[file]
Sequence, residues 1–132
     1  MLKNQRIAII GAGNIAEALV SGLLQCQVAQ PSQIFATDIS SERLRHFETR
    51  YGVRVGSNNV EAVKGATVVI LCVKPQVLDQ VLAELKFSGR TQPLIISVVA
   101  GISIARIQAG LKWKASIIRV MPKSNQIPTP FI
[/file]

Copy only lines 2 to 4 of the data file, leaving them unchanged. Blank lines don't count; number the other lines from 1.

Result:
     1  MLKNQRIAII GAGNIAEALV SGLLQCQVAQ PSQIFATDIS SERLRHFETR
    51  YGVRVGSNNV EAVKGATVVI LCVKPQVLDQ VLAELKFSGR TQPLIISVVA
   101  GISIARIQAG LKWKASIIRV MPKSNQIPTP FI